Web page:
Meryl Streep used her acceptance speech to criticise Donald Trump
There were no awards for Irish nominees at the Golden Globes last night, despite a number of nominations.
Irish film Sing Street and actors Ruth Negga, Colin Farrell and Caitriona Balfe had all been up for awards.
La La Land was the big winner on the night taking home all seven awards it was nominated for - breaking a record for the most wins at the ceremony for a single movie.
Meryl Streep was awarded the Cecil B DeMille Award for her outstanding contribution to film and used her acceptance speech to criticise Donald Trump - saying a performance that stunned her came from the campaign trail.
She commented on an incident during which Mr Trump appeared to mock a disabled reporter last year, saying: "It broke my heart when I saw it and I still can't get it out of my head.
"It wasn't in a movie - it was real life... When powerful people use their position to bully others, we all lose."
La La Land won best movie (musical or comedy) and its leads Ryan Gosling and Emma Stone won awards for their performances.
Gosling thanked his partner Eva Mendes, saying: "While I was singing and dancing and playing piano and having one of the best experiences I've ever had on a film, my lady was raising my daughter, pregnant with our second and trying to help her brother fight his battle with cancer."
He dedicated his award to that brother - Juan Carlos Mendes, who died from cancer last year, aged 53.
The film's composer Justin Hurwitz won best score and its lyricists Benj Pasek and Justin Paul won best original song for City Of Stars.
Moonlight won the award for best film (drama), while Casey Affleck (Manchester By The Sea) won best actor in a drama film and Isabelle Huppert (Elle) won best actress.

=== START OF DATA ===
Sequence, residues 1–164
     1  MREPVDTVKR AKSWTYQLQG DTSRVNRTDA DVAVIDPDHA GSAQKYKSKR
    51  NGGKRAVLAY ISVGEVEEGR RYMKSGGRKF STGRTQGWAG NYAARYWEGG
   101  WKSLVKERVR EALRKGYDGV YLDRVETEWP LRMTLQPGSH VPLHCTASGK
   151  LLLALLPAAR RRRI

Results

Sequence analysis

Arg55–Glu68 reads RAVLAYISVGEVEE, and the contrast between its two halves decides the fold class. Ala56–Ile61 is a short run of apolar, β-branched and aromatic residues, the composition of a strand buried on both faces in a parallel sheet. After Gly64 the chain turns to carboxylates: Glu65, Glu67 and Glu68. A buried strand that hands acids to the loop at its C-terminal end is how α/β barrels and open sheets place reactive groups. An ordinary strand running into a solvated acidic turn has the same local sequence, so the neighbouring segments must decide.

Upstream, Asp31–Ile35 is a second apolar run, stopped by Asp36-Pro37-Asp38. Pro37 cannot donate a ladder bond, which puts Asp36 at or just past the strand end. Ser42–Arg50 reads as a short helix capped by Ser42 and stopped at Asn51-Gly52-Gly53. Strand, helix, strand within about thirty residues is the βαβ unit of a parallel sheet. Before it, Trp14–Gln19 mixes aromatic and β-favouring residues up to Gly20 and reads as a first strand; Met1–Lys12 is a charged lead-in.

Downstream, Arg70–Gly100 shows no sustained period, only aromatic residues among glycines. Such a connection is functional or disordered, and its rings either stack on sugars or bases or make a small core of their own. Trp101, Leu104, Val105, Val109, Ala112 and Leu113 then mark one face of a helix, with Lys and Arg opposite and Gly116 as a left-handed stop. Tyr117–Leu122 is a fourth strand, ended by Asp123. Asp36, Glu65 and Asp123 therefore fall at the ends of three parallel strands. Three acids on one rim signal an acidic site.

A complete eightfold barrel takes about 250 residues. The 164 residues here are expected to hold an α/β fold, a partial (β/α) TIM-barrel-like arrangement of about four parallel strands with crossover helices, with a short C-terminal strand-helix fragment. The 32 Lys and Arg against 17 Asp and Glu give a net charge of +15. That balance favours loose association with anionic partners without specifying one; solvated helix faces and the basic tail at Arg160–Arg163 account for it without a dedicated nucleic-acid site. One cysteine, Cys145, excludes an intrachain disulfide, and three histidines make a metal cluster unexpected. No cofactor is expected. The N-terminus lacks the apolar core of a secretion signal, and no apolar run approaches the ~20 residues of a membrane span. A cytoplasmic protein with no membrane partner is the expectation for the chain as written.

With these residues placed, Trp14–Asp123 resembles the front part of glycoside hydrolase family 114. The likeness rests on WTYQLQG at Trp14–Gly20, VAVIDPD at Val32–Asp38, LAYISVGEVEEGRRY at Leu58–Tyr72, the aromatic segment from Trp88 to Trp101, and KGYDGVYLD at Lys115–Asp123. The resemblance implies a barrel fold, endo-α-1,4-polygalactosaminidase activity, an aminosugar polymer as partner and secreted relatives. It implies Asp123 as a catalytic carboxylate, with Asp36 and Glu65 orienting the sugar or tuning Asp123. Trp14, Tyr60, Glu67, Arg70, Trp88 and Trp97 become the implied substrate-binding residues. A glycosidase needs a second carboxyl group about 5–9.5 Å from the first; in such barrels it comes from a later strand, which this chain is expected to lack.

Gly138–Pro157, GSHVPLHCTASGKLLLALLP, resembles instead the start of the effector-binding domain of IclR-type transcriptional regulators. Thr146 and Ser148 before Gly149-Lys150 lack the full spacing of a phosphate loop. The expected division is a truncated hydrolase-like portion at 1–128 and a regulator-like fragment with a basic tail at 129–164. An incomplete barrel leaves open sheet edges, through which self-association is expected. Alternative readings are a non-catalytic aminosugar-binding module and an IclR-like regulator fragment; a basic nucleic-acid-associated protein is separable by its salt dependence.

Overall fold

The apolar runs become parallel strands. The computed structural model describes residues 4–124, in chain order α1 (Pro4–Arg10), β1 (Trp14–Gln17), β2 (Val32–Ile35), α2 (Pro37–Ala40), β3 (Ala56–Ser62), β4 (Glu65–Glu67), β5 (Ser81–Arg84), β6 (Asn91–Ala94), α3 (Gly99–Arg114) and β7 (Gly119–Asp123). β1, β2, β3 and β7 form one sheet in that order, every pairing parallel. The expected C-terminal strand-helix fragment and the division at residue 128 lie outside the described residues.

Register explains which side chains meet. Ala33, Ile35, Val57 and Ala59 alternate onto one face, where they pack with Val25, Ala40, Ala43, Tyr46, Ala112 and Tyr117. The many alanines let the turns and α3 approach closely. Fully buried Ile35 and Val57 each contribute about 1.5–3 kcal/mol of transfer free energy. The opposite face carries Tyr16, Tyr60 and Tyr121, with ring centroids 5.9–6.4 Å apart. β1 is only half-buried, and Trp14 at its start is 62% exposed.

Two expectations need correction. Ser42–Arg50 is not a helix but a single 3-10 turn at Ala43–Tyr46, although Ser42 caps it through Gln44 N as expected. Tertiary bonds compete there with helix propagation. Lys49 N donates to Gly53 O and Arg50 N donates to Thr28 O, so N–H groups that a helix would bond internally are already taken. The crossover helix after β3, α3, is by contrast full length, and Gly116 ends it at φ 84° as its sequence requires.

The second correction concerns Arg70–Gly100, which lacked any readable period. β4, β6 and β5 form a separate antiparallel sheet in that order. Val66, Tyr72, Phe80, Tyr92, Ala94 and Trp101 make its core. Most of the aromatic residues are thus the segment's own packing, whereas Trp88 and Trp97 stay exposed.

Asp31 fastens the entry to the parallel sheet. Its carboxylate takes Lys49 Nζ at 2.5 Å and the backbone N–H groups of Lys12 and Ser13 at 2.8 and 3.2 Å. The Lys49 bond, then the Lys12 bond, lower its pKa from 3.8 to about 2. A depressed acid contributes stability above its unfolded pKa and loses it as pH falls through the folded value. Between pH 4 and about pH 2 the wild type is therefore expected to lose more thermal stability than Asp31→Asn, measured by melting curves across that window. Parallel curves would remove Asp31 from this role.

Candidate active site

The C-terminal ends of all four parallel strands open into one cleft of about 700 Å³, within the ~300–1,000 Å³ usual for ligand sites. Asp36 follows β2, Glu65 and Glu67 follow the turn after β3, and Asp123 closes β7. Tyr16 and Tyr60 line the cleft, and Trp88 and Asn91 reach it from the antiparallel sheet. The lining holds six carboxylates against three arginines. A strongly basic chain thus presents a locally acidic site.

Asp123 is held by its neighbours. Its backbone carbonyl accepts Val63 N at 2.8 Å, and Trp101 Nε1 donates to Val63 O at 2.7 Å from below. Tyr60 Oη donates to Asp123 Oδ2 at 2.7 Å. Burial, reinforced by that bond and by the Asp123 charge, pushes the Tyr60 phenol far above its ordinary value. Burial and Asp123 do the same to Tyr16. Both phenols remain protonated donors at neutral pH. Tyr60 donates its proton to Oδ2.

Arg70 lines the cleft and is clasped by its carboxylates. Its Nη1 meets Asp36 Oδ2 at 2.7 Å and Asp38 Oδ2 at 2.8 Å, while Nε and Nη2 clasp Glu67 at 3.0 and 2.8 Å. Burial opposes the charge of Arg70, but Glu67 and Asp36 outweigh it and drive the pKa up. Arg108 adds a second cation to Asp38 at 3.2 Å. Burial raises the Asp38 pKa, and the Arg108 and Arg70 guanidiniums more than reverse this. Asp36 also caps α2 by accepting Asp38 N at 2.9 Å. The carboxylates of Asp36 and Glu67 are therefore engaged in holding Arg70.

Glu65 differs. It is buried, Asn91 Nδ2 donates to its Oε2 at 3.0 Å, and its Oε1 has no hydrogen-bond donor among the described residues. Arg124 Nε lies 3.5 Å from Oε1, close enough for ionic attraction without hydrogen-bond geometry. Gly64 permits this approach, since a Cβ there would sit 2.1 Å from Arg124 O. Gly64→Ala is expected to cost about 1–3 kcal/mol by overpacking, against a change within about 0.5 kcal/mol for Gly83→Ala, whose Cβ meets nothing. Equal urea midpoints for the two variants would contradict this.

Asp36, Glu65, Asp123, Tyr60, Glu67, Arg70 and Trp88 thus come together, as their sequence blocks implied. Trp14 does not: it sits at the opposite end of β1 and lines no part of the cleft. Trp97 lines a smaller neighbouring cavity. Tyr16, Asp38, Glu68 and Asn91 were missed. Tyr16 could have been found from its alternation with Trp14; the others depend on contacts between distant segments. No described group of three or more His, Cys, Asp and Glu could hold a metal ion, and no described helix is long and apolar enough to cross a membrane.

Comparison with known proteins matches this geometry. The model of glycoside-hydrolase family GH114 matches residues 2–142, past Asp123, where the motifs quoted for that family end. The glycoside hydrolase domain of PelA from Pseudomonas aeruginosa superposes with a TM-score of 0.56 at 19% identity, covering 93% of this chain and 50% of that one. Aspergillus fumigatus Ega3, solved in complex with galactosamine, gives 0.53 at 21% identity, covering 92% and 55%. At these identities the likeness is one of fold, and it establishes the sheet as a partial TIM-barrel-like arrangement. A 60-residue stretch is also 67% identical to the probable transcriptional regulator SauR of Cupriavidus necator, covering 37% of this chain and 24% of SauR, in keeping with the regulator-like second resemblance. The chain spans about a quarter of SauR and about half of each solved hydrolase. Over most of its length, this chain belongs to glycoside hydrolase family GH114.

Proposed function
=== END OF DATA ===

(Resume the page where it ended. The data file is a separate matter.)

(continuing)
Viola Davis won best-supporting film actress for her role in Fences, beating British actress Naomi Harris who was nominated for her role in Moonlight.
Tracee Ellis Ross, daughter of singer Diana Ross, was awarded best actress in a TV series (comedy or musical) for her role in Black-ish, dedicating her win to "all the women of colour and colourful people whose stories, ideas, thoughts are not always considered worthy, valid and important".
Critical favourite Atlanta enjoyed two major awards - for best musical or comedy series, and a best actor award for star Donald Glover.
Billy Bob Thornton won the Golden Globe for best TV drama actor in the Amazon series Goliath, where he plays a disgraced lawyer seeking revenge against his former firm.
Aaron Taylor-Johnson, 26, was among the early winners with a nod for best supporting actor in a movie for his role in Tom Ford's film Nocturnal Animals.
He dedicated his award to his wife film-maker Sam Taylor-Johnson, 49, describing her as his soulmate and thanking her for "putting up with me".
British actor Hugh Laurie was one of a number of award-winners from TV thriller The Night Manager.
Laurie appeared to take a shot at US President-elect Donald Trump as he accepted his best supporting actor award from the Hollywood Foreign Press Association at what he described as the "last ever Golden Globes".
He added: "I don't mean to be gloomy. It's just it has 'Hollywood', 'foreign' and 'press' in the title. To some Republicans even the word 'association' is slightly sketchy.
"I accept this award on behalf of psychopathic billionaires everywhere."
Olivia Colman and Tom Hiddleston also won Golden Globes for their roles in The Night Manager - Colman for best supporting actress in a limited TV series and Hiddleston for best actor.
Claire Foy won best actress in a TV drama for her portrayal of the Queen in The Crown. The Netflix show also won best TV drama series, beating Game Of Thrones and Westworld.